How to Engage with the Most Distinguished of Dark Beers

It’s easy to hear “beer” and think instinctively of that old standby: honey-coloured lager. But fall is a season of rich flavours, calling for drinks that can hold their own against turkey meat and freshly harvested root vegetables. Enter dark beers, which you’ve probably noticed starting to take over more and more of the taps at your local craft brewery this season. For good reason — just as there’s no more comforting companion than a cup of coffee on a brisk morning, there’s nothing better suited to the nights of autumn than a dark beer. Smooth, full-bodied, and often featuring flavours like caramel and chocolate, these brews are truly a dark art. Here’s how to navigate the beer menu accordingly during your next night out.


Creamy in texture, often with a smoky flavour that calls to mind coffee or chocolate. The most famous one is Guinness. (But branch out. Live a little.)


1. Milk Stout

Particularly sweet, thanks to being brewed with lactose, which contains sugars that resist fermenting.

Try: Beau’s Tom Green Cherry Milk Stout

2. Imperial Stout

First brewed for a Russian Empire, imperials are bold, brawny, and usually clock in at upwards of 8% ABV.

Try: Nickel Brook Winey Bastard Imperial Stout

3. Sour Stout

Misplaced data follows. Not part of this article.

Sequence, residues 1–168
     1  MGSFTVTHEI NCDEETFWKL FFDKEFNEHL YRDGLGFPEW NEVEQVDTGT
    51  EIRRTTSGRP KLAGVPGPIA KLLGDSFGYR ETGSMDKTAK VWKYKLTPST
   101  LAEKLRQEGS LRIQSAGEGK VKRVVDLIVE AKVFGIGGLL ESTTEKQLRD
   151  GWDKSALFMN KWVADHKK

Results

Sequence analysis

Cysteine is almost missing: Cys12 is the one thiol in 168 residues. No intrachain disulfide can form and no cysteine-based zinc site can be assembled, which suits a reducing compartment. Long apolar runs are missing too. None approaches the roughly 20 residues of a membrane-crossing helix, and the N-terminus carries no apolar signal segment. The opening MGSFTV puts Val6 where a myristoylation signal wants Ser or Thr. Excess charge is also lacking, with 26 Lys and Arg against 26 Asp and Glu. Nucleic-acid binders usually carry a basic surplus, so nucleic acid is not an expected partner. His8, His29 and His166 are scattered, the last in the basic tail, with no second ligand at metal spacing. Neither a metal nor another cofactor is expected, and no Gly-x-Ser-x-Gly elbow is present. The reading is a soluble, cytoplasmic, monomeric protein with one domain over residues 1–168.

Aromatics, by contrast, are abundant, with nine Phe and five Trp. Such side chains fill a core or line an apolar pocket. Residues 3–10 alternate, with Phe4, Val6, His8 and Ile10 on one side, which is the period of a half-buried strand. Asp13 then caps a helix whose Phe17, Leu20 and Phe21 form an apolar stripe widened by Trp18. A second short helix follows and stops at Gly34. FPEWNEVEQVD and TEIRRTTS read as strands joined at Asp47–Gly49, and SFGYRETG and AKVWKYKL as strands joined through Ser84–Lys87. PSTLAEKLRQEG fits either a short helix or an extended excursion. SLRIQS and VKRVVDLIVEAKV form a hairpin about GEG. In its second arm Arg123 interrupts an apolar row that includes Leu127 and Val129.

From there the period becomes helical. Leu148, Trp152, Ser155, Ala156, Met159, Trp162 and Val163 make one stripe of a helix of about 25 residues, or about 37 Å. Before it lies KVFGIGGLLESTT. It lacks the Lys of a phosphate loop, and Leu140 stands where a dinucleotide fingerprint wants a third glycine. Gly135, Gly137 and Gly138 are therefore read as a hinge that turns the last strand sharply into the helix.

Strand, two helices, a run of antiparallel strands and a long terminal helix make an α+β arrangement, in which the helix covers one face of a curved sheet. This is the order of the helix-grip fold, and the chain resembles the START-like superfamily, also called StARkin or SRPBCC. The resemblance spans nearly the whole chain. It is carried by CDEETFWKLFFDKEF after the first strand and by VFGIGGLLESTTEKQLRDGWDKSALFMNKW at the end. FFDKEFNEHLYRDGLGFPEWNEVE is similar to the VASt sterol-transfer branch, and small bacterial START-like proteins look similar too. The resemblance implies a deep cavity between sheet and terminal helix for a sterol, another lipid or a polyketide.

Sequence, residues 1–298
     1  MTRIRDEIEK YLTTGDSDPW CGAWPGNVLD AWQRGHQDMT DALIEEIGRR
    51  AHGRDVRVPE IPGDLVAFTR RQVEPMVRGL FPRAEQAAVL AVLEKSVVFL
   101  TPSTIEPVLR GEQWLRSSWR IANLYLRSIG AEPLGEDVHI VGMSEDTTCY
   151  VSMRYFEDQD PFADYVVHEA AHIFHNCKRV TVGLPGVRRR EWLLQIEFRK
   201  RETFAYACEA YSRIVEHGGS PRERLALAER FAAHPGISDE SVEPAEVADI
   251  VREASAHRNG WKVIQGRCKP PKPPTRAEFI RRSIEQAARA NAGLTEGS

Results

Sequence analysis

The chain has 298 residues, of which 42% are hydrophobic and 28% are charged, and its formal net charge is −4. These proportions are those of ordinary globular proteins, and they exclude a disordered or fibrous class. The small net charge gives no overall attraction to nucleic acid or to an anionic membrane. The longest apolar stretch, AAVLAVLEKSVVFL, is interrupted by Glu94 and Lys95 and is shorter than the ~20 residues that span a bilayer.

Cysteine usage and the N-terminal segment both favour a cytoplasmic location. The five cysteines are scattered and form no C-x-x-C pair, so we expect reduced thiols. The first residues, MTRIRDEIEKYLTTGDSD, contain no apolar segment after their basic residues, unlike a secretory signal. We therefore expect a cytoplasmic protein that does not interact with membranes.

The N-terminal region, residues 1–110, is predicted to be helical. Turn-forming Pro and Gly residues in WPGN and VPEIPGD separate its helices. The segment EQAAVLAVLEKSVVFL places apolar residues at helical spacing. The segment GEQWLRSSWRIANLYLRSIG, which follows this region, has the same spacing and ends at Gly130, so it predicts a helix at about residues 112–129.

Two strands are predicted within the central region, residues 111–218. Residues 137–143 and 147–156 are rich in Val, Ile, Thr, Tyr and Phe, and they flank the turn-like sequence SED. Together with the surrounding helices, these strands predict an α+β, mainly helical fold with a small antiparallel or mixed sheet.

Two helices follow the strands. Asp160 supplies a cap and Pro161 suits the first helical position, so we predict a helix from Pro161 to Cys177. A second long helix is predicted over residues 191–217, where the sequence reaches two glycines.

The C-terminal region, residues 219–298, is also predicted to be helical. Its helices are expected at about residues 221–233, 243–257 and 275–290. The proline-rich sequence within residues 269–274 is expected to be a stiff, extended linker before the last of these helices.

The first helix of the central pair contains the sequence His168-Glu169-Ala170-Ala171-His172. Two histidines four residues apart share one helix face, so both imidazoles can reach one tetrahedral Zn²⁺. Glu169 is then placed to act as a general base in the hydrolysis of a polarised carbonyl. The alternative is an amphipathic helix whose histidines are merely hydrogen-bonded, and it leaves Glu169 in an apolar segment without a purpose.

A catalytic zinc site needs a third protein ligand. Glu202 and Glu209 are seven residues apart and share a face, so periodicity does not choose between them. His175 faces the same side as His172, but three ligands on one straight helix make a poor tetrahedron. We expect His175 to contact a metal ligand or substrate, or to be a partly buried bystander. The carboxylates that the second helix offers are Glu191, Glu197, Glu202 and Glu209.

An eclectic fusion of smokiness and tart acidity, the latter brought out during fermentation by a bacteria such as lactobacillus.

Try: Oast House Black Sow’R Stout


The line blurs, but today’s porters tend to have a less roasty taste than stouts — often because they’re made with malted grains instead of roasted ones.


1. English Porter

While most British browns rank on the sweeter, milder end of the porter spectrum, brews identified as “robust” pack more of a punch.

Try: Fuller’s London Porter

2. American Porter

Experimental twists on classic styles, courtesy of craft brewers on this side of the Atlantic. Often hoppier, or featuring added flavour notes.

Try: Mill Street Vanilla Porter

3. Baltic Porter

Strong and dense, with rum- and licorice-like flavours common. Baltics lend themselves well to aging, which brings out more nuance.

Try: Les Trois Mousquetaires Porter Baltique


Beers that ferment under warm conditions, contributing to their slightly sweet, sometimes fruity flavour.


1. Brown Ale

A fixture at any self-respecting British pub, these are mahogany-hued, relatively mild, and often incorporate toasted nut flavours.

Try: Black Oak Nut Brown Ale

2. Amber Ale

Made with amber malt and ranging from deep copper to light brown in colour, with a flavour profile that skews especially malty.

Try: Hockley Amber Ale

3. Scotch Ale

(AKA “Wee Heavys”) An Edinburgh invention that’s left to boil longer, resulting in a caramelized wort and buttery character.

Try: Church Key Holy Smoke Scotch Ale